The United Nations will this week talk about how the internet could be better run, but grabbing the wheel remains off the agenda despite US fears. Fifteen-hundred delegates will head to Azerbaijan to chat about the web and how to ensure it best serves the world's population. The talks will include questions on how, and if, …
What is this shit?
> Content filtering is a prime example; few companies subscribe the to the US model of unlimited free speech.
Unlimited free speech in the US? Just a political talking point. For one, there are legal limits [hell, you may go to prison for publishing lewd comics in Pennsylvania] and then there are "things you just don't say" unless you want several TLAs on your ass. Foreigner bashing and outright National-Socialism, even from the Prez and Prez hopefuls, is A-OK, I will grant that.
> Many countries worry what unrestricted access to knowledge will do to their population.
I would say that many countries worry what unrestricted access to knowledge will do to their STATE APPARATUS. Remember the shitstorm about Wikileaks and its pretty mild exposure of the nest of craven idiots that are in the bureaucracy? Yes, that kind of worry.
> demonstrates how citizen journalism can go wrong
Unfortunately the last ten years of unlimited warfare and clueless economic policy and the next four years which to all indication will be far worse, possibly with a few nukes being popped off [and not by Iran because it doesn't have any] show how mainstream journalism is consistently wrong in its message or assessments. Does anyone discuss that? Should we ban the Neocon Post and the War Street Journal from the Internets?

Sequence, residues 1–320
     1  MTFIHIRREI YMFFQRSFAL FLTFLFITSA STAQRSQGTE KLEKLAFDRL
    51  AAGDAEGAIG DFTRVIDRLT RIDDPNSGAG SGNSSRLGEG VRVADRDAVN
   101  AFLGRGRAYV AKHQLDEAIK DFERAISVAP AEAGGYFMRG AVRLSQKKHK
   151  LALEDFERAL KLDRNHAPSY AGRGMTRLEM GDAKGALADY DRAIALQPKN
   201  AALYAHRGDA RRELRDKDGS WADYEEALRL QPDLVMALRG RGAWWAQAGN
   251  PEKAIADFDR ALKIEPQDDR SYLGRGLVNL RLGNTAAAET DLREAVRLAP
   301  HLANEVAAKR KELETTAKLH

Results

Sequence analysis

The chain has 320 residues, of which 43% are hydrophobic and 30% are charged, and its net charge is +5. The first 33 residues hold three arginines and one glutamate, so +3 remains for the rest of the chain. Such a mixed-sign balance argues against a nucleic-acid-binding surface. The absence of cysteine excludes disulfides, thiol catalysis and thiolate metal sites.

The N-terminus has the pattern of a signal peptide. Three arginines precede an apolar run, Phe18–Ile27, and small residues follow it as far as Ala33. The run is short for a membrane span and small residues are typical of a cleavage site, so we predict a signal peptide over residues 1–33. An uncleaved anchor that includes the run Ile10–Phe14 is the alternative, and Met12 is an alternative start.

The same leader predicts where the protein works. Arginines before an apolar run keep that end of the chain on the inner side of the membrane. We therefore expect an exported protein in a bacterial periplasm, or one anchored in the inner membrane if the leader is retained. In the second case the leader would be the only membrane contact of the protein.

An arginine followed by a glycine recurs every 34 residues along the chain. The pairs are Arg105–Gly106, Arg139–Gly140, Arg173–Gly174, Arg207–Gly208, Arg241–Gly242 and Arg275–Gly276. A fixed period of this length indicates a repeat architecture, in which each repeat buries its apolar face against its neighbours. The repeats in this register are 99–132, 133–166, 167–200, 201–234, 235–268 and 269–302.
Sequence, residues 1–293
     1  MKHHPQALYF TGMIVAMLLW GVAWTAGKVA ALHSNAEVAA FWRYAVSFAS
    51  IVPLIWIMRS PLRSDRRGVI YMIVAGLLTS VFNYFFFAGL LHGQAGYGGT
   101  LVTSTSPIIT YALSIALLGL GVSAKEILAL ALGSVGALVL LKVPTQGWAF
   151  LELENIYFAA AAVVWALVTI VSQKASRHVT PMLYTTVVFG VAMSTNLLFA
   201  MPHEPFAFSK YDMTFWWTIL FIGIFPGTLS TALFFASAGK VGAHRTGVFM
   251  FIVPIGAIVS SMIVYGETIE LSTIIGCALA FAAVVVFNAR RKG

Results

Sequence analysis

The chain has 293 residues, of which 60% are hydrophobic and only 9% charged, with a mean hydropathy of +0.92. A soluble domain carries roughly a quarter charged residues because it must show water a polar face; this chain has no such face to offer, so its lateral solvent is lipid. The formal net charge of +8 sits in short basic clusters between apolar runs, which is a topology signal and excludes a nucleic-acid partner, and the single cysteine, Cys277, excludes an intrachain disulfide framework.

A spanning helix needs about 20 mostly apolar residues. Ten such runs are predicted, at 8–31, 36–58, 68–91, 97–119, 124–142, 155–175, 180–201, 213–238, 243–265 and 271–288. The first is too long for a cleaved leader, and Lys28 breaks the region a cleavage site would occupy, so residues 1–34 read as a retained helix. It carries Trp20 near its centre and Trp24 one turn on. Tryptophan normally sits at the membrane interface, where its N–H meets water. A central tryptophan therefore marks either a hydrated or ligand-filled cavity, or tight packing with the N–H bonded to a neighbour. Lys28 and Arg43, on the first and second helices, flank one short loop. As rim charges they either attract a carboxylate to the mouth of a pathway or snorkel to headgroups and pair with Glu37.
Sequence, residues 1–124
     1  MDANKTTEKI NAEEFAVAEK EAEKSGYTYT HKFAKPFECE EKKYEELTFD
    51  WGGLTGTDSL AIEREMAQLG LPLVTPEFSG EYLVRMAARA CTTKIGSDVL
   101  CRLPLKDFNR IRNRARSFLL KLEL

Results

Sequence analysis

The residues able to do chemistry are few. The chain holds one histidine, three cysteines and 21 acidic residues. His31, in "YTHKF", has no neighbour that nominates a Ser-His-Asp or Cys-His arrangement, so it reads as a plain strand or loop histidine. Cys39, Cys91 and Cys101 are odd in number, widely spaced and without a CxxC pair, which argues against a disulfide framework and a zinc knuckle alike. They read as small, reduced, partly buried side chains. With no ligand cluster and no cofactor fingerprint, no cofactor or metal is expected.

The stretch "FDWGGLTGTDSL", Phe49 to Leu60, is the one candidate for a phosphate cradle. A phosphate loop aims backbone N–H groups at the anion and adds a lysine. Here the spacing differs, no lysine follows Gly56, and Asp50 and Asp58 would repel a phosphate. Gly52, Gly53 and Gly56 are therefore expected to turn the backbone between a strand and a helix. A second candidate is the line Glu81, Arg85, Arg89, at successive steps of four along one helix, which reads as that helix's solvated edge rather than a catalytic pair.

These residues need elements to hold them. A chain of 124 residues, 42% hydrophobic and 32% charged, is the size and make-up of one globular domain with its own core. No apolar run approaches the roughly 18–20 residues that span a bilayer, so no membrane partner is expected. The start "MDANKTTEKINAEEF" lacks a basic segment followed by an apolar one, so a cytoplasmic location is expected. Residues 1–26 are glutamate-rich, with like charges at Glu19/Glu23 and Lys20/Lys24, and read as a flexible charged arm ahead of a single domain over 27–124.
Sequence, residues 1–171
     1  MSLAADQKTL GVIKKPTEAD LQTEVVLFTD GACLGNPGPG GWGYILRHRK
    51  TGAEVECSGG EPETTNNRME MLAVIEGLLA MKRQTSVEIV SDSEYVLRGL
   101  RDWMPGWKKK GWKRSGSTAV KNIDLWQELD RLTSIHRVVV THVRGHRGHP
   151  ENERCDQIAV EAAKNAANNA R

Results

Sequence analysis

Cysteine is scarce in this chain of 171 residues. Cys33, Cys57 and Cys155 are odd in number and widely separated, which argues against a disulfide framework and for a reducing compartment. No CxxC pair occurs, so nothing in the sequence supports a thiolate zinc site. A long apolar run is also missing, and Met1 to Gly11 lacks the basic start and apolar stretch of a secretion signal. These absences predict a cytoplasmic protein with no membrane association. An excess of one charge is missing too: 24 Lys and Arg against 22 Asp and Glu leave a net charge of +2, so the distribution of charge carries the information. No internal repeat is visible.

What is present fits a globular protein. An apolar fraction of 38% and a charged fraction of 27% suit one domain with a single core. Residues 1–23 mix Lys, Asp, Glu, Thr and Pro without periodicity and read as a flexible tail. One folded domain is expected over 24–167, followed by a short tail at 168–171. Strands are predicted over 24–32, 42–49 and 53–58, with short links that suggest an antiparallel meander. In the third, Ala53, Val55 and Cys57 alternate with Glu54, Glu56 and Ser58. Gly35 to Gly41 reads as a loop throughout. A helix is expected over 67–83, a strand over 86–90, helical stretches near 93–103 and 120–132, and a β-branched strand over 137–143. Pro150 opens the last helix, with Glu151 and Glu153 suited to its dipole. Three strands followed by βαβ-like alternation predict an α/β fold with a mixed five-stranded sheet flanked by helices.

This looks like another discussion round of wankers who know they want more statist control but don't yet know how to sell this program. Or maybe they just want a nice holiday in Baku.
Re: What is this shit?
It depends on how you interpret the sentence. I suppose it would be correct to say the US takes an "unlimited free speech" approach to online content filtering. That is, we don't do it. I definitely consider that a good thing, as far as I goes. But the US government will do just about anything else to suppress certain content online. Such as arresting the people who publish it, arresting the people who download it, sending the FBI to raid locations in foreign countries, seizing domain names, or coercing offshore companies to block US users.
"most fixed ISPs use the Internet Watch Foundation to block the worse of the worst, "
No, they "block" (solving unproven problems for unclear motives) *anything* that the IWF says may be illegal under UK law. Not "worst of the worst"... just anything the non-judicial IWF fears may be illegal.
... few companies subscribe the to the US model of unlimited free speech.
Really, so how are those Gambling sites doing in the US?
I was hopeful for a moment there...
Reading quickly, I thought I saw "The IGF is just a talking shop, but ... at time of writing, it has crashed." That would be lovely.